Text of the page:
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the manner in which these claims were presented was not such as to promote a calm discussion of the questions involved; but this may well be attributed to the excitement and indignation which the crime naturally evoked. The views of this Government as to its obligations to foreigners domiciled here were fully stated in the correspondence, as well as its purpose to make an investigation of the affair with a view to determine whether there were present any circumstances that could, under such rules of duty as we had indicated, create an obligation upon the United States.
The temporary absence of a Minister Plenipotentiary of Italy at this Capital has retarded the further correspondence, but it is not doubted that a friendly conclusion is attainable.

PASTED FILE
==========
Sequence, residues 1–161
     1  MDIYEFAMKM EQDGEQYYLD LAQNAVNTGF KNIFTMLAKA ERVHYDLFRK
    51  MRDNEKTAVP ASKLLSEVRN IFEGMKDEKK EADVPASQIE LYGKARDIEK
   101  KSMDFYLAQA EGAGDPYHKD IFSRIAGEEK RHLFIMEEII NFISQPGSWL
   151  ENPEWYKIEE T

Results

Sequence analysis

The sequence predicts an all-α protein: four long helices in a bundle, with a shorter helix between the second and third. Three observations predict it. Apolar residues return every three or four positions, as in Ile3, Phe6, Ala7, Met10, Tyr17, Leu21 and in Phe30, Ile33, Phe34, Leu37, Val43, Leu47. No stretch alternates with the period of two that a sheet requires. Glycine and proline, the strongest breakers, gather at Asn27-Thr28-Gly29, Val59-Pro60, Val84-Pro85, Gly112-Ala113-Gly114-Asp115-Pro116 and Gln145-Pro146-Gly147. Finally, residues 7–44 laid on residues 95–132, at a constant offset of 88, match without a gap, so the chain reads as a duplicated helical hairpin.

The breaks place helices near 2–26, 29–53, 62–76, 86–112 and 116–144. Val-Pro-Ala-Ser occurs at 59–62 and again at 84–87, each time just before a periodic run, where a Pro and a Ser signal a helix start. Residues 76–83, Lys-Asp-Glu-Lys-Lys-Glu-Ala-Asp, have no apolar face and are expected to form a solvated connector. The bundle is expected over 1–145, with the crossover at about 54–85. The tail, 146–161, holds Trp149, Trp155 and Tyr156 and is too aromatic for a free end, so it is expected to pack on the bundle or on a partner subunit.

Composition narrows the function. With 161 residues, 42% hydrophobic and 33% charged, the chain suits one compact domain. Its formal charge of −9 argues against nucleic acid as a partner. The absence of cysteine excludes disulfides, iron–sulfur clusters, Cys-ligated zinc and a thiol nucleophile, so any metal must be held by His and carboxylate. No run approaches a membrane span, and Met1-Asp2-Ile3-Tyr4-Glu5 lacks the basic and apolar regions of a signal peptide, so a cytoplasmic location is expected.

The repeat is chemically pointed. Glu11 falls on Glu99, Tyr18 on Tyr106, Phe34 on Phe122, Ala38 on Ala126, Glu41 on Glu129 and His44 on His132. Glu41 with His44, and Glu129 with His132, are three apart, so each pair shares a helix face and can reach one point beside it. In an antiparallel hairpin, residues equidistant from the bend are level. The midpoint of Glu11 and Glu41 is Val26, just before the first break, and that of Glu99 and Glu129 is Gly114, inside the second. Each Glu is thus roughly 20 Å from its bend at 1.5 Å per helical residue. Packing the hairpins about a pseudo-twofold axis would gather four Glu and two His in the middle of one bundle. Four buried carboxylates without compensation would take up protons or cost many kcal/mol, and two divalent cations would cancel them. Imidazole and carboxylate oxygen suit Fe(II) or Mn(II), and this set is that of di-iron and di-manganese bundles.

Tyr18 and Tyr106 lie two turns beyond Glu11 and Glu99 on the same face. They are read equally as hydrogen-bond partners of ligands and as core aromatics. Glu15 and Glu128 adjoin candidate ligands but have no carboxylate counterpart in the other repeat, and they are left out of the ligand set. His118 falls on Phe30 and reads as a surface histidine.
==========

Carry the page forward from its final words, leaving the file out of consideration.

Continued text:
Some suggestions growing out of this unhappy incident are worthy the attention of Congress. It would, I believe, be entirely competent for Congress to make offenses against the treaty rights of foreigners domiciled in the United States cognizable in the Federal courts. This has not, however, been done, and the Federal officers and courts have no power in such cases to intervene either for the protection of a foreign citizen or for the punishment of his slayers. It seems to me to follow, in this state of the law, that the officers of the State charged with police and judicial powers in such cases must, in the consideration of international questions growing out of such incidents, be regarded in such sense as Federal agents as to make this Government answerable for their acts in cases where it would be answerable if the United States had used its constitutional power to define and punish crimes against treaty rights.